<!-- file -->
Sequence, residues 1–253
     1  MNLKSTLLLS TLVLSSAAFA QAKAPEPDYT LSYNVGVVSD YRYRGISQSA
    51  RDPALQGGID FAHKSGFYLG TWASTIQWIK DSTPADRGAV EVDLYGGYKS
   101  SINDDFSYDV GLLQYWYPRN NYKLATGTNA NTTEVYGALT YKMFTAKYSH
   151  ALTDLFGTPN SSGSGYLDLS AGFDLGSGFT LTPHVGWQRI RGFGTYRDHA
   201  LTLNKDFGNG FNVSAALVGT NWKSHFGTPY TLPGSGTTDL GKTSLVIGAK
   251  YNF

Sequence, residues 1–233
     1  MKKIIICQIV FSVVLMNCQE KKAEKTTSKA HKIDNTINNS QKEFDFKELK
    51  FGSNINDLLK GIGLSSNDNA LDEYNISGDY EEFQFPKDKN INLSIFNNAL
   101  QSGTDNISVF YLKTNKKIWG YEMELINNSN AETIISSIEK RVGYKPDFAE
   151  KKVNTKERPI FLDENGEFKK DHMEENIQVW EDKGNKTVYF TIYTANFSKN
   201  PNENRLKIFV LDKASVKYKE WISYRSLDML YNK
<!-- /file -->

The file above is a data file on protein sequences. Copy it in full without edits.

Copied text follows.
Sequence, residues 1–253
     1  MNLKSTLLLS TLVLSSAAFA QAKAPEPDYT LSYNVGVVSD YRYRGISQSA
    51  RDPALQGGID FAHKSGFYLG TWASTIQWIK DSTPADRGAV EVDLYGGYKS
   101  SINDDFSYDV GLLQYWYPRN NYKLATGTNA NTTEVYGALT YKMFTAKYSH
   151  ALTDLFGTPN SSGSGYLDLS AGFDLGSGFT LTPHVGWQRI RGFGTYRDHA
   201  LTLNKDFGNG FNVSAALVGT NWKSHFGTPY TLPGSGTTDL GKTSLVIGAK
   251  YNF

Sequence, residues 1–233
     1  MKKIIICQIV FSVVLMNCQE KKAEKTTSKA HKIDNTINNS QKEFDFKELK
    51  FGSNINDLLK GIGLSSNDNA LDEYNISGDY EEFQFPKDKN INLSIFNNAL
   101  QSGTDNISVF YLKTNKKIWG YEMELINNSN AETIISSIEK RVGYKPDFAE
   151  KKVNTKERPI FLDENGEFKK DHMEENIQVW EDKGNKTVYF TIYTANFSKN
   201  PNENRLKIFV LDKASVKYKE WISYRSLDML YNK